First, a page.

3 pathway pointers to try at home

wood garden path-2

At the Brenton Arboretum, outside Dallas Center, Iowa, there is a small path that leads around their visitor's center.  It caught my eye and I'm so excited to talk about it - I love thinking through how we move through garden spaces. This walkway is awesome on so many levels.  While it's at a public facility, it could just as easily grace a homeowner's yard. Let's talk about just the path itself, and leave the plants, the view, and the location for another day.  Here are 3 things to think about when creating a path, and how this example just nails it:

Scale, Shape, and Surface

Scale: The path is a minor option off of the wide main sidewalk to the Visitor Center's entrance.  It is a secondary choice - and as such, it's much narrower than the main walkway.  The major thoroughfare in any landscape should be wide and easy to navigate, but secondary paths get to be interesting, and this one surely is.  It's not quite wide enough for two people, so you can't go too fast.  It's meant for someone who wants to take time to wander.  It is tucked up close to the building, but doesn't feel dwarfed because of all the plant material.

Shape: It has this delightful curve.  You're taking your time here - no runway needed.  Curves slow us down and add mystery.  You can't see the final destination for this path - the curve obscures it.  And that's GREAT for a secondary path. It's not what you want for the main path to your home (or a Visitor's Center) - but it's exactly right for a quiet stroll.

wood garden path-2

Surface: Oh, this one is fun!  We're at an arboretum - a living tree collection - so of course we'll use tree slices, or tree cookies, as the steppers.  Set in concrete, these are not perfectly level and they'll break down and change over time, but it's a great material for this site.  Not only is it a nod to the location, but it adds a graphic, artistic quality that plain gravel can't provide.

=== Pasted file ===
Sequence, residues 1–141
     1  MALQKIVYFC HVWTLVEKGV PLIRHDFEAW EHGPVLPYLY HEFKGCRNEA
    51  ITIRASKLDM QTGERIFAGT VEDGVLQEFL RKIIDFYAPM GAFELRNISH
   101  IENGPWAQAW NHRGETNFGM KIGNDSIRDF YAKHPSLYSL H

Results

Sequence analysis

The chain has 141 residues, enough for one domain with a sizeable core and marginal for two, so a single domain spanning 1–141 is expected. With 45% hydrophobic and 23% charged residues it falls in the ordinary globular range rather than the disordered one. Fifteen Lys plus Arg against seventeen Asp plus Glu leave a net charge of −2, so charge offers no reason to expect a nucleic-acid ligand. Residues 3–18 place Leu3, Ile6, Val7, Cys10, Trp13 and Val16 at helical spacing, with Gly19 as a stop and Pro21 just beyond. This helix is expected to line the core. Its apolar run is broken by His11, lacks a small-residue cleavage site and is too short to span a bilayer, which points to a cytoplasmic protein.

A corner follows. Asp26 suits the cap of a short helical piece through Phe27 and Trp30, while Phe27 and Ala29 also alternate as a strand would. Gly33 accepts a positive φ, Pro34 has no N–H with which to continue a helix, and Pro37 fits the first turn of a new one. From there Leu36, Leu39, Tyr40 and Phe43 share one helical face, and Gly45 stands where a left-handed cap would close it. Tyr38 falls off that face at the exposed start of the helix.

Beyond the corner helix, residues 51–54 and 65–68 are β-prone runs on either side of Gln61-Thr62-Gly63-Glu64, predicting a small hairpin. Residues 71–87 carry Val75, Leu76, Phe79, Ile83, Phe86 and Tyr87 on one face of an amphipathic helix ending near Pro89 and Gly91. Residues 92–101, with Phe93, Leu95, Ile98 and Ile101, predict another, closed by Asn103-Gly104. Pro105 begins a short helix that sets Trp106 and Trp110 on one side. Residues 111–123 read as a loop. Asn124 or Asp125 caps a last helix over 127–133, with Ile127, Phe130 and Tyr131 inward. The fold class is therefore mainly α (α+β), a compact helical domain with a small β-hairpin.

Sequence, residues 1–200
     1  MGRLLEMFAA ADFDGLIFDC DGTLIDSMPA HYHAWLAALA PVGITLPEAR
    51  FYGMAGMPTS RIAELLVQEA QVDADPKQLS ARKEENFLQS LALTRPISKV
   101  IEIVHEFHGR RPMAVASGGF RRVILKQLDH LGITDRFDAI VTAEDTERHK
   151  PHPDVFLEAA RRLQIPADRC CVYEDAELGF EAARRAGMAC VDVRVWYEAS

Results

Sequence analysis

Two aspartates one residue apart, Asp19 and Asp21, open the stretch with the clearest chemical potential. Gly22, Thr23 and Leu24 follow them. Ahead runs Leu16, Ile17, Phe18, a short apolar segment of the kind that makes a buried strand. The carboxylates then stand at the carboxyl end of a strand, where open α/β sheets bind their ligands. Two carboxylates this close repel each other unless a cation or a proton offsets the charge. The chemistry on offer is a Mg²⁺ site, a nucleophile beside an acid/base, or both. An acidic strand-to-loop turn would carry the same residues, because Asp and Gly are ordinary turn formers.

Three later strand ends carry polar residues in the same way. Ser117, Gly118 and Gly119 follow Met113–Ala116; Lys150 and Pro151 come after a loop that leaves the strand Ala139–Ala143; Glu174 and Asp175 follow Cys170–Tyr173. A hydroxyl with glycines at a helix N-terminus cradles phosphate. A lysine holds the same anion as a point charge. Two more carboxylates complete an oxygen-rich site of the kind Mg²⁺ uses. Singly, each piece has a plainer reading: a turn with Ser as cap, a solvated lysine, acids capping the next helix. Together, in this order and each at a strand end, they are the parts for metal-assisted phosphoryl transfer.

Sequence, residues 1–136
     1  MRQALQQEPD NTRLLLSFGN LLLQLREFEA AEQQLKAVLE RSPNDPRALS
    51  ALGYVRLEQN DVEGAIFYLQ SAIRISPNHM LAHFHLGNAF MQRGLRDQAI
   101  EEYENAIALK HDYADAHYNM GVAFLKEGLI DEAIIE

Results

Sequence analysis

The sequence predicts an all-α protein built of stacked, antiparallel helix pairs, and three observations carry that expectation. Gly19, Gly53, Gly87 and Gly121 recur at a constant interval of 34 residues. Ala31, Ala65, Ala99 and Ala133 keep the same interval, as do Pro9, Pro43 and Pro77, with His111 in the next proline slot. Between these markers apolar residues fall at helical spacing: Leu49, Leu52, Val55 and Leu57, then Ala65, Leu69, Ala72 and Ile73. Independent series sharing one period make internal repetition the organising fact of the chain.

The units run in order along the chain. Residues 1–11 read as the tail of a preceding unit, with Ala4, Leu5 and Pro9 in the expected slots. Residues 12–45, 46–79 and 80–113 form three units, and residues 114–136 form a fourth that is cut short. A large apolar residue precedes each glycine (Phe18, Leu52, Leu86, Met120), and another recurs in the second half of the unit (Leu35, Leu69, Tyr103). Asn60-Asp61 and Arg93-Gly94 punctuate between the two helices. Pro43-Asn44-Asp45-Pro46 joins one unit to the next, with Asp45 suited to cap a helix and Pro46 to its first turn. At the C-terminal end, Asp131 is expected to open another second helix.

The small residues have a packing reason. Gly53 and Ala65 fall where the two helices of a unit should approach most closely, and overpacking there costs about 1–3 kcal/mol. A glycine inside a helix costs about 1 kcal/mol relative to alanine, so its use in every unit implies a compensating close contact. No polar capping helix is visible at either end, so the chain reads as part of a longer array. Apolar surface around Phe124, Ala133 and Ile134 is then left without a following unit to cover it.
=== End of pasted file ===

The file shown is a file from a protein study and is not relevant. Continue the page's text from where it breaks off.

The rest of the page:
wood round closeup

For clients, I like to think about the job of each walkway, and make sure that the scale, shape and surface we use line up with the role that path plays.  This little path is beckoning a visitor to come explore more - and I'm first in line.

New Hampshire Photo Shoot Preview

Photography at work
Coneflower blooms in NH

A few weeks ago I got to travel back to New Hampshire to work with John Benford Photography on three residential properties that we've designed.  I had this very limited window to score great photos of some of my work in New Hampshire, and John juggled rain clouds, slopes and shadows while wrangling ladders and lenses to get the best shots. It was a crazy thing to organize from another time zone - between scheduling the availability of the clients' properties, getting clean-up accomplished, and waiting on weather to cooperate during the two days I was there, my type-A skills were stretched.  I had help from John's Landscaping of Madbury, whose team worked hard to clean up the properties and get them ready for their big day.  My sweet friend Danielle helped my preview the properties the day prior to the two-day shoot, and she helped me cram a bunch of thank-you plants into the tiny rental car.  The late summer blooms were in full effect in New Hampshire. It was really fun and satisfying to see how the properties I've worked on are beginning to grow into their own. 

One of the properties

Above is a quick snap of one of the properties we shot over the two days.

It was a great experience for me and I learned a lot about what you need at an outdoor photo shoot!  I have a whole list now, from a whisk broom to a spray bottle of water.  So excited for these pictures to come out.